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Designing Rich Thin Clients - DHTML, Applets

I am investigating creating a rich thin client interface to a personal project I am undertaking.

I was wondering if there is a site which compares the various rich thin client technologies - like DHTML, Applets, ActiveX etc

And also lists the trade-off and benefits.

Are there many applications that used a rich clients?

Ram Dass
Thursday, September 11, 2003

I asked about this recently :-) After checking out the various server-side solutions, we're building prototypes based on ActiveX. Java is out of the picture since a VM is no longer available on XP, and Flash seems more oriented towards graphic designers. Besides, nothing beats the productivity of building applications with VB.

The only issue we've seen so far is install/update on some hosts. I'm currently looking into this.

Considering that most users run Windows + IE, and provided you can afford ignoring other users, I think that you should take a look.

Hope that helps.

Frederic Faure.
Thursday, September 11, 2003

Thursday, September 11, 2003

you might want to check Rajesh Jain's weblog - he talks a lot about Thin Clients,

Prakash S
Thursday, September 11, 2003

If you are targeting for special users (inside your own company etc) you could look at XUL:

Then user should have Mozilla installed, but you'll use all power of GUI and newtworking options

Example of XUL based GUI is a MozillaBrowser itself :)
Or simple demo (use Mozilla to access page):

Some stranger
Thursday, September 11, 2003

How "rich" does these thin clients need to be?

Also, if it's a personal project, does the interface need to be web-based? Is a desktop client connecting to a web server via something like SOAP feasible?

Walter Rumsby
Thursday, September 11, 2003

Macromedia's new Flash MX 2004 Studio is oriented more towards programmers. Flash is more than the 'skip intro' that it has been famous for. Look into Shockwave(Director) if you're looking for 3D or if you need to develop very custom stuff closely tied to hardware. Macromedia are also releasing a new product 'Central' in the next few months. It is billed as 'browsable applications'. Macromedia pretty much own the whole cross-platform rich client area.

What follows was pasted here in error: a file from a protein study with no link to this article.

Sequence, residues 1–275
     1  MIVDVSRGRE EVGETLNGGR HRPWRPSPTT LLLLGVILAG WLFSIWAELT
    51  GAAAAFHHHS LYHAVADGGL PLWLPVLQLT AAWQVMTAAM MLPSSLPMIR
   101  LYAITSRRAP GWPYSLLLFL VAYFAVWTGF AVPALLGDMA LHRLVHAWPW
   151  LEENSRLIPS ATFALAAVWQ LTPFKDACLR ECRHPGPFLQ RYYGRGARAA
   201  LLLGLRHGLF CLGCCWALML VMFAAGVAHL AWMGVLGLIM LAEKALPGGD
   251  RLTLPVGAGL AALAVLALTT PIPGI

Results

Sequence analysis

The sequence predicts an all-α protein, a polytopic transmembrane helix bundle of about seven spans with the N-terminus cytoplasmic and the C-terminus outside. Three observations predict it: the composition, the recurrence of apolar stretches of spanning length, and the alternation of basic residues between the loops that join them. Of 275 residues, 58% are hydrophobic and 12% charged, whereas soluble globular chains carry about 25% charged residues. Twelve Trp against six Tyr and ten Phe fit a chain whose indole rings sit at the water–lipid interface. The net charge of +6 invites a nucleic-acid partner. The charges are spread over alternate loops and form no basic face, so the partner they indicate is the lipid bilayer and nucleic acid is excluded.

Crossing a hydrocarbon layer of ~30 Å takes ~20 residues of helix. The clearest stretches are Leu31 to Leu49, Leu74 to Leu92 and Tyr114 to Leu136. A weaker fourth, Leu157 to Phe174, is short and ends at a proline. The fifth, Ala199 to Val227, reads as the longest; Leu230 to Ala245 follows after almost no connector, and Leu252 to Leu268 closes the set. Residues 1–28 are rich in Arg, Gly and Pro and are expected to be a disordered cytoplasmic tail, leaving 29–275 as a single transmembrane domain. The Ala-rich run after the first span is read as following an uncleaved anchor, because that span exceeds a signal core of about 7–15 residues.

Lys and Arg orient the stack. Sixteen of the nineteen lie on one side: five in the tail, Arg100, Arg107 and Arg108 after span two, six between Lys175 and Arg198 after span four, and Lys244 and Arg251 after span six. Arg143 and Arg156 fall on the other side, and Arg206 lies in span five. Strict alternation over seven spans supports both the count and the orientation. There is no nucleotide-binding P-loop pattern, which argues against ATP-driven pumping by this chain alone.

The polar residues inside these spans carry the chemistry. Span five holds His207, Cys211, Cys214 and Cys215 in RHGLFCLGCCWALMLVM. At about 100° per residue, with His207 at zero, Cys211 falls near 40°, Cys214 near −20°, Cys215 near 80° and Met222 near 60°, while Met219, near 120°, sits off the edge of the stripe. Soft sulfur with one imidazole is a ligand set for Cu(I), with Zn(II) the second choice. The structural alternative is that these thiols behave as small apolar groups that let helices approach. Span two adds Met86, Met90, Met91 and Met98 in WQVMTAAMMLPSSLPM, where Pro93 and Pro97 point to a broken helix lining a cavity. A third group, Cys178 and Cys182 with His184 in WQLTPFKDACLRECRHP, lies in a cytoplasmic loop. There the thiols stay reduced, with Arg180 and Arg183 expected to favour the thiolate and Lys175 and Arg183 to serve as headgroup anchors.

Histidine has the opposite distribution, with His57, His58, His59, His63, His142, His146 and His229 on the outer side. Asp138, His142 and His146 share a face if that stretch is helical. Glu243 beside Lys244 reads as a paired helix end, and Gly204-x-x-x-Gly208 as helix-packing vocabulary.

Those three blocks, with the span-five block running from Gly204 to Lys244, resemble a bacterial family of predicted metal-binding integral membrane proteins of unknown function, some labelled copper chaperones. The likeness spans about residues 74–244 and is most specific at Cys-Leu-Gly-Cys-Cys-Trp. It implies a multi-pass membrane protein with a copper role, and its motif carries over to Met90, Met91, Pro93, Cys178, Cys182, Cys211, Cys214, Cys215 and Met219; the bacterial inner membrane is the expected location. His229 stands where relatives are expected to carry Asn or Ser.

Knowledge Maker
Thursday, September 11, 2003

How "thin" does the rich client need to be?

Are you presuming running in or launching from a browser or just a local application?

Is WinForms too thick?

As stated above, Is XUL runs on all platforms and with the XUL runtime just around the corner, the Mozilla apps won't have to be installed.

fool for python
Thursday, September 11, 2003

A colleague has shown me some I3ML thin client applications that might do the job.

You need to download the cokinetic player to use them, and I believe they only work on windows, but they're fast and look just like windows applications, but are actually thin clients.

You can download the player and see some elaborate examples at:

Some of these examples are pretty impressive.

This colleague is also writing a book on developing apps with I3ML. Some chapters and simple examples are available at:

Michael Bean
Thursday, September 11, 2003

Have a look at Echo !

James Ladd
Thursday, September 11, 2003

Use .NET WinForms, create a regular exe and auto deplot it via a webserver.
Haven't tried it for large apps yet, but small utilities work great this way.

Geert-Jan Thomas
Friday, September 12, 2003

Haven't used it but looks interesting:
Bindows™ is a Graphical User Interface Toolkit for writing rich client side web applications with the look, feel and behavior of modern Windows™ applications. Bindows applications are lightweight applications with zero footprint which means no installation required.

Friday, September 12, 2003

This looks like it has some promise ...

Friday, September 12, 2003

have a look at Canoo ULC:

I don't share Frederic's view that Java is "out of the picture".

Thursday, January 22, 2004

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